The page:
It's nearly impossible to turn on any cable or network news or log on any social media platform without seeing a parade of talking heads and amateur true-crime detectives wringing their hands about the heart-wrenching story of Gabrielle "Gabby" Petito's disappearance and demise.
Petito, 22, vanished while on a cross-country excursion with her fiance, Brian Laundrie, 23.
As the public outcry and breathless media updates swell, Petito has simply become "America's daughter." She was young, vibrant and had a significant social media following because of her bubbly personality. She was blonde, petite and attractive.
And she was white.
We've been here before – too many times. Tens of thousands of individuals – Black, Latino, Asian, Indigenous, LGBTQ, young, old, men and boys – disappear every year. Some return to their families; some remain unaccounted for; and, unfortunately, some end up dead. But very few receive the national spotlight that seems reserved for white women and white girls.
These names easily come to mind: Laci Peterson, Elizabeth Smart, Natalee Holloway, JonBenet Ramsey, Chandra Levy. Household names, names drilled into our psyche forever.
What are their names?
According to the Black and Missing Foundation, a nonprofit organization that raises awareness about missing people of color, there were 543,018 people reported missing last year. Of those, nearly 40% were people of color.
What are their names?
In Wyoming, where Petito's body was found, at least 710 Indigenous people, mostly women and girls, vanished from 2011 to 2020, according to a report by Wyoming's Missing and Murdered Indigenous Persons Task Force.
Again, what are their names?
There's a glaring disparity of news coverage and a systemic bias that have been discussed – and repudiated – for decades. I refuse to buy into the notion that now is not the time to bring it to light again. Now is precisely the time.
I am often ashamed that I get lumped in with "the media," especially during instances such as this. Because many Americans make little to no differentiation in their news sources, I am compelled to say this: We must do better. Our newsrooms must reflect the complexion of America, and we must raise reporting standards to see beyond the latest intriguing whodunit.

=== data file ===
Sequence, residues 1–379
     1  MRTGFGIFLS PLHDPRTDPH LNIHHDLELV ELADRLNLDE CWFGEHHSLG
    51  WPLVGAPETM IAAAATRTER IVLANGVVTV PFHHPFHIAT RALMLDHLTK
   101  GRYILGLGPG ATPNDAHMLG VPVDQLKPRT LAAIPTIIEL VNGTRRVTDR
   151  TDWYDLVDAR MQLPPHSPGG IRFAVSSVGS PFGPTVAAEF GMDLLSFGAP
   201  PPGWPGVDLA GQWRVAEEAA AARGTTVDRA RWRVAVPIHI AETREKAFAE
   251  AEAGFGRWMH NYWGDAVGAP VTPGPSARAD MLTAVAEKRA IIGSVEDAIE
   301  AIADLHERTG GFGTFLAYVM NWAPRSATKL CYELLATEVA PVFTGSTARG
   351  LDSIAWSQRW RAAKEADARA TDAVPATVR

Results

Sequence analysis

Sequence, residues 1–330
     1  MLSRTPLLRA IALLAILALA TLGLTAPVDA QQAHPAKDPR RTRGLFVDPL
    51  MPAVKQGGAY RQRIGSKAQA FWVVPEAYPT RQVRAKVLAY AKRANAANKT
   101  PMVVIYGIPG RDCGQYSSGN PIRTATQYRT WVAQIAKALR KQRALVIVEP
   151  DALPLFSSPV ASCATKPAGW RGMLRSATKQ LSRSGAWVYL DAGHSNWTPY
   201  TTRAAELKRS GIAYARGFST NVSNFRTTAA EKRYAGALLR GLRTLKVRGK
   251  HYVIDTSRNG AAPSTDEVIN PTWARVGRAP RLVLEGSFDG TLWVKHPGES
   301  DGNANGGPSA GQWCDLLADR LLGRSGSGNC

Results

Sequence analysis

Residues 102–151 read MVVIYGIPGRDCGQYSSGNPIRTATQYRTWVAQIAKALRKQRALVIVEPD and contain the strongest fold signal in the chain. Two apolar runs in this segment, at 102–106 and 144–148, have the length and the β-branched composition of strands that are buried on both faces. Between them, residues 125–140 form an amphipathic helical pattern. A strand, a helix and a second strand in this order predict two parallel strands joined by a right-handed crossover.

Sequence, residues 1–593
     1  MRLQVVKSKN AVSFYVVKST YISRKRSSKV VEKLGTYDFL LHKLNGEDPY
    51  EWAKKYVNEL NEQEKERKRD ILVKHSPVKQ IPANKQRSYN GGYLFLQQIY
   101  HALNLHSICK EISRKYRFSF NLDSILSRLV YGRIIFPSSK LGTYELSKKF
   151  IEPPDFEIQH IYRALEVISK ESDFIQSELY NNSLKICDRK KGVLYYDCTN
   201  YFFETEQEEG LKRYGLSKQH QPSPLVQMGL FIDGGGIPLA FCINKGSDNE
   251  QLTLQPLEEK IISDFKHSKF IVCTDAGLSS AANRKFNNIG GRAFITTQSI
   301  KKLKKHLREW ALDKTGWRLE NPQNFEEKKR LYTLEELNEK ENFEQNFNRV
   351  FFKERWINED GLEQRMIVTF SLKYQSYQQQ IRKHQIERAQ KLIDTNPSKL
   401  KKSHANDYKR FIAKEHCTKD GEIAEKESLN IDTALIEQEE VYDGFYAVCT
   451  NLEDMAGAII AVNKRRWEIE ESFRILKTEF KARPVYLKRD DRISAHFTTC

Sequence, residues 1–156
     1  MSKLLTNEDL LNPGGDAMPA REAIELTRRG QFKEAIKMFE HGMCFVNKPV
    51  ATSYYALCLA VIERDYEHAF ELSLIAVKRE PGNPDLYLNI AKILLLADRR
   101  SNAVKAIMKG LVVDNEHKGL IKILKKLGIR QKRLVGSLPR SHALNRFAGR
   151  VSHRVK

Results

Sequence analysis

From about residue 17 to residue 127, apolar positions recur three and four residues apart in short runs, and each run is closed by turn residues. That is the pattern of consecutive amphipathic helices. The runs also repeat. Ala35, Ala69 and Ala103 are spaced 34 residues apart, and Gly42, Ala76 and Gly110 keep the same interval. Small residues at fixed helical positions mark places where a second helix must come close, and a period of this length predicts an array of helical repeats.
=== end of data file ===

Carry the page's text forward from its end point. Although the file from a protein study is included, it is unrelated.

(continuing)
All missing people deserve attention
No one is dismissing the circumstances surrounding the death of Petito, and no one is minimizing the pain the Petito family has endured. Like many Americans, I am outraged, particularly by what appears in bodycam footage to be major bungling by law enforcement when they encountered Petito and Laundrie in Utah.
It’s OK to want justice for Petito while acknowledging that "missing white woman syndrome," a term coined by journalist Gwen Ifill, is a real travesty.
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Ultimately, this isn't solely about race – it's about people. There are daughters and sons, mother and fathers, brothers and sisters, friends and neighbors who are missing. They aren't all pretty and blonde. They don't have a social media following. But their families deserve America's sympathy and news coverage; their stories are no less important. These folks want their loved ones home. They want answers. They deserve closure, too.
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This article originally appeared on USA TODAY: All the attention Gabby Petito received never goes to people of color